The Grand Trunk Railway (GTR) was one of the best-known and most ambitious railways in Canada prior to Confederation in 1867. By 1860, the railway was completed from Montreal to Sarnia. Like Highway 401 today, it functioned as a major transit route connecting Quebec to the heartland of southern Ontario and the northeastern United States.
The GTR suffered financial difficulties from its early days of operation, and required public subsidies. As a result, it was incorporated into the Canadian National Railways in 1923. At that time, approximately 125 smaller railway companies comprised the Grand Trunk network, and it consisted of almost 13,000 kilometres of track across Canada.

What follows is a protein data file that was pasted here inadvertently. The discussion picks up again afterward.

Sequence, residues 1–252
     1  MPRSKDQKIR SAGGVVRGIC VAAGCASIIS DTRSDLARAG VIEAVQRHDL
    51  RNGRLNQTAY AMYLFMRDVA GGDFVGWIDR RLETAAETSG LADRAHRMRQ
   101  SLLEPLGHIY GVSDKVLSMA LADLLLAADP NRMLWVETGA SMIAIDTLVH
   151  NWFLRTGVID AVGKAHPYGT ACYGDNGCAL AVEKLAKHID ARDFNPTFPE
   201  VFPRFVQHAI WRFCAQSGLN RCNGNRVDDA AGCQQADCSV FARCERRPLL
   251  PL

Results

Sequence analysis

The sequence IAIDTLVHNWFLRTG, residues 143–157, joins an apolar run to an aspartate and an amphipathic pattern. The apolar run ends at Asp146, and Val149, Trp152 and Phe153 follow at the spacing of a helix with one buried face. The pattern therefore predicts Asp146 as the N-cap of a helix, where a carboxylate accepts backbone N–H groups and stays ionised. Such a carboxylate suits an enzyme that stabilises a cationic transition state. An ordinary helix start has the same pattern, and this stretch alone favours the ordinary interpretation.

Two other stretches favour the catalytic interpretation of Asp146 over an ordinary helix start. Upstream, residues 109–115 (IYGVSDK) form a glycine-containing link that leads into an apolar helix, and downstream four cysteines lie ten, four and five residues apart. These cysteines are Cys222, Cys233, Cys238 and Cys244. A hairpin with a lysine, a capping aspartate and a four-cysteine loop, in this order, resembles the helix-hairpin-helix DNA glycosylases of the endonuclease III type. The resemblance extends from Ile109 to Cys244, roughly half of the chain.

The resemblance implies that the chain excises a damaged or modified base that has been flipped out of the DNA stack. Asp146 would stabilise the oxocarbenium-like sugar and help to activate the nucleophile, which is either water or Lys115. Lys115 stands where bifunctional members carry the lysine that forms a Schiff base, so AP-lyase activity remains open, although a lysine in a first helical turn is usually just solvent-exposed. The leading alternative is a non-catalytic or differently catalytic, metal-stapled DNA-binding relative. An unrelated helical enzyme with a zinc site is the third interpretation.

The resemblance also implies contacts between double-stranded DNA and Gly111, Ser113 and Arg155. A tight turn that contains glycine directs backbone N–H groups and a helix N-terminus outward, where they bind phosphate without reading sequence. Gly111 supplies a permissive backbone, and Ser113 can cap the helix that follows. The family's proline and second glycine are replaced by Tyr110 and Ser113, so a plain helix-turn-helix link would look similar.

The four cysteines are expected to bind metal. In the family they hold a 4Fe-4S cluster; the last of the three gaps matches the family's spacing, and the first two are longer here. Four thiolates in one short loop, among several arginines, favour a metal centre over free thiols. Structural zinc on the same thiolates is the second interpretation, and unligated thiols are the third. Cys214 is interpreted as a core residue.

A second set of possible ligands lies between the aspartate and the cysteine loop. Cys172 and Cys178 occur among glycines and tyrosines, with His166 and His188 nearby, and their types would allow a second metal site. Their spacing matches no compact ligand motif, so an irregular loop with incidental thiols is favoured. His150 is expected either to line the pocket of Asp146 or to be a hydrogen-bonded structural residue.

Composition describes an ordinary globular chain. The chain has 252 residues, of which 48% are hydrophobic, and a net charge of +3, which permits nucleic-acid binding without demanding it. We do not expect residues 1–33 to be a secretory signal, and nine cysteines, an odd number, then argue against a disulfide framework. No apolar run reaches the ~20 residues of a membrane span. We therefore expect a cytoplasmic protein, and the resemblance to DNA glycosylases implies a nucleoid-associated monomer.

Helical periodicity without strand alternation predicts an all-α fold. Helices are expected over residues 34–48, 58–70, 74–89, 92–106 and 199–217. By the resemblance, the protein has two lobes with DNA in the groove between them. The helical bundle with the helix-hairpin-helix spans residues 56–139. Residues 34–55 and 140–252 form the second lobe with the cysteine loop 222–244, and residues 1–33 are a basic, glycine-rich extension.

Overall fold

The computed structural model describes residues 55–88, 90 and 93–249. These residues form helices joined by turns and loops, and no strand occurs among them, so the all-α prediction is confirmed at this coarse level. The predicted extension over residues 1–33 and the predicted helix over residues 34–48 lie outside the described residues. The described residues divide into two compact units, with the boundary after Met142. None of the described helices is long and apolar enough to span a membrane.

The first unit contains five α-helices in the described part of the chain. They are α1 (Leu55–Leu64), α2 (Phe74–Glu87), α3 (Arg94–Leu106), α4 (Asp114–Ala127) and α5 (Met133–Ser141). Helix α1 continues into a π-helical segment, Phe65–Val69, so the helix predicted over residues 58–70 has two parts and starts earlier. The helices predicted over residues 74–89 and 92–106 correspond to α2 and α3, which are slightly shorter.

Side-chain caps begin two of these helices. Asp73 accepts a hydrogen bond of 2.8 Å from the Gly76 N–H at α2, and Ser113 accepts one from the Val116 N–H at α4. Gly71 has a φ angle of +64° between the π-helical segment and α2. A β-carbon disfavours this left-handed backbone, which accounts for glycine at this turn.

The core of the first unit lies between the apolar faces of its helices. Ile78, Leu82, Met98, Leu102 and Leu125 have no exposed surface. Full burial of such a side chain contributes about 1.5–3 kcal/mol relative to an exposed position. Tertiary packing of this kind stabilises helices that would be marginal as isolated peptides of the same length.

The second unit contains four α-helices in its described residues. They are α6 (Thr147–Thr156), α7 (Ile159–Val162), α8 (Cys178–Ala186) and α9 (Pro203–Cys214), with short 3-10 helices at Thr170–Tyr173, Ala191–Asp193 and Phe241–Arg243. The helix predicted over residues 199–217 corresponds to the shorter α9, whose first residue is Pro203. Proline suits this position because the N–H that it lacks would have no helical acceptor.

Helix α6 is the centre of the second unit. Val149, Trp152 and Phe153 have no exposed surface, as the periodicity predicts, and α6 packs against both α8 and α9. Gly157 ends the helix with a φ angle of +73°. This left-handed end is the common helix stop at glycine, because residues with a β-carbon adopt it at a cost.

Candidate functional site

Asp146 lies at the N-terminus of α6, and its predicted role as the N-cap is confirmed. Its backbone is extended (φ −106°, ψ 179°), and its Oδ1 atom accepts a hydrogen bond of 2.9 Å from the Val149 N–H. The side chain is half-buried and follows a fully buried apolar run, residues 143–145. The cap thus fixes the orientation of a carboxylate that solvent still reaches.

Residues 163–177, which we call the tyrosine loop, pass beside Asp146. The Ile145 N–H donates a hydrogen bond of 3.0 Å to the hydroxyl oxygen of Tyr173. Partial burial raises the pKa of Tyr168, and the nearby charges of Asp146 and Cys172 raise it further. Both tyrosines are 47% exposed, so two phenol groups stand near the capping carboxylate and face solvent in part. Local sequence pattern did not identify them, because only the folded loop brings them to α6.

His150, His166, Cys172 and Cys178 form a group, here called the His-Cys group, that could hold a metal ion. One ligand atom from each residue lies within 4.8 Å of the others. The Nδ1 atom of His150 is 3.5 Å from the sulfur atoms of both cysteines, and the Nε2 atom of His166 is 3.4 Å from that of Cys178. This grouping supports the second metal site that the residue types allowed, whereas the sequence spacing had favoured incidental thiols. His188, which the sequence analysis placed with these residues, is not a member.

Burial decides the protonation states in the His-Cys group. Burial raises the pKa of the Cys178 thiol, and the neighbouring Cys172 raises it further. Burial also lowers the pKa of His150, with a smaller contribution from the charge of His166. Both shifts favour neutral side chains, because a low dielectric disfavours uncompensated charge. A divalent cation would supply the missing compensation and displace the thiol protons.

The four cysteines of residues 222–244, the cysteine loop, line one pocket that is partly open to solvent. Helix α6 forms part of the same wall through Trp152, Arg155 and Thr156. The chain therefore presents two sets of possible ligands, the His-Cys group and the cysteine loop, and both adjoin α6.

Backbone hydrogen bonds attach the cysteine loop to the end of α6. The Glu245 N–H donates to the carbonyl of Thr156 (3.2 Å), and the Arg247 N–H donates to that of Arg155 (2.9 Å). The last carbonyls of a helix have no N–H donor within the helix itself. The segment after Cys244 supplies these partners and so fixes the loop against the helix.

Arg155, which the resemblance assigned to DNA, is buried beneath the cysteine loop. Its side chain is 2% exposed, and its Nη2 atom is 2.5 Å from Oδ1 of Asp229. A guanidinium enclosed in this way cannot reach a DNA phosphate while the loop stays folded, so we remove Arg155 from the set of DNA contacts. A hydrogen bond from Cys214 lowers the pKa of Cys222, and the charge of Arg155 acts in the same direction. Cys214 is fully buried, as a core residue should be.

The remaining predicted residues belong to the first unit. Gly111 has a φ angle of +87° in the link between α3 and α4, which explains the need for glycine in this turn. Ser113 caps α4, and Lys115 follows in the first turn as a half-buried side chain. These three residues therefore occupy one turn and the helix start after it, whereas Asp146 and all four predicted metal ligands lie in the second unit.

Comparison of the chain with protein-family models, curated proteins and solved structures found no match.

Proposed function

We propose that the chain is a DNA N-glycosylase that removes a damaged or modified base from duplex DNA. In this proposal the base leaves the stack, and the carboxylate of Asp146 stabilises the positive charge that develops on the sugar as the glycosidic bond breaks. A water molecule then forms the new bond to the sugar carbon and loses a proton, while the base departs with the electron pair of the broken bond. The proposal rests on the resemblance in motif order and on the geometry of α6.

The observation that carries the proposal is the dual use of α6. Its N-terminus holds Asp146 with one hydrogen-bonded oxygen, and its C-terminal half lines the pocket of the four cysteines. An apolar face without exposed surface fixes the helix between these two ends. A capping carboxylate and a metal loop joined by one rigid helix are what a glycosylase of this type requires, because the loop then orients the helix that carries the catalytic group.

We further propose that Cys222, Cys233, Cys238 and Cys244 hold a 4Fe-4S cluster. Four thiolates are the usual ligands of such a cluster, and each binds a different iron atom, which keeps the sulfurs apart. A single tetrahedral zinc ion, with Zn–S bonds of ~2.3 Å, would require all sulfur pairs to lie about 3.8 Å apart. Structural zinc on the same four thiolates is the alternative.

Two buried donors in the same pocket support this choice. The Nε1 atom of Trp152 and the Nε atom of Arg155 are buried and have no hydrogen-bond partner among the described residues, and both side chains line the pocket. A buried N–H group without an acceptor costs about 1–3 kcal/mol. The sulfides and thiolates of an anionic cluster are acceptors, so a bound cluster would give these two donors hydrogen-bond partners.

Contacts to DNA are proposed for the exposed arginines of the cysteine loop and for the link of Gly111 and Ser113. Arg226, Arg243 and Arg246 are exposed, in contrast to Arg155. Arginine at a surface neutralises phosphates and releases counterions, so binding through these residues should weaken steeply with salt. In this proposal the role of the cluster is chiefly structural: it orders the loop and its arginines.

This painting in the Government of Ontario Art Collection, completed by former Ontario Ministry of Transportation employee Moma Markovich, shows the importance of GTR stations as community hubs, centres of communication and gateways for the transportation of Ontario’s natural resources.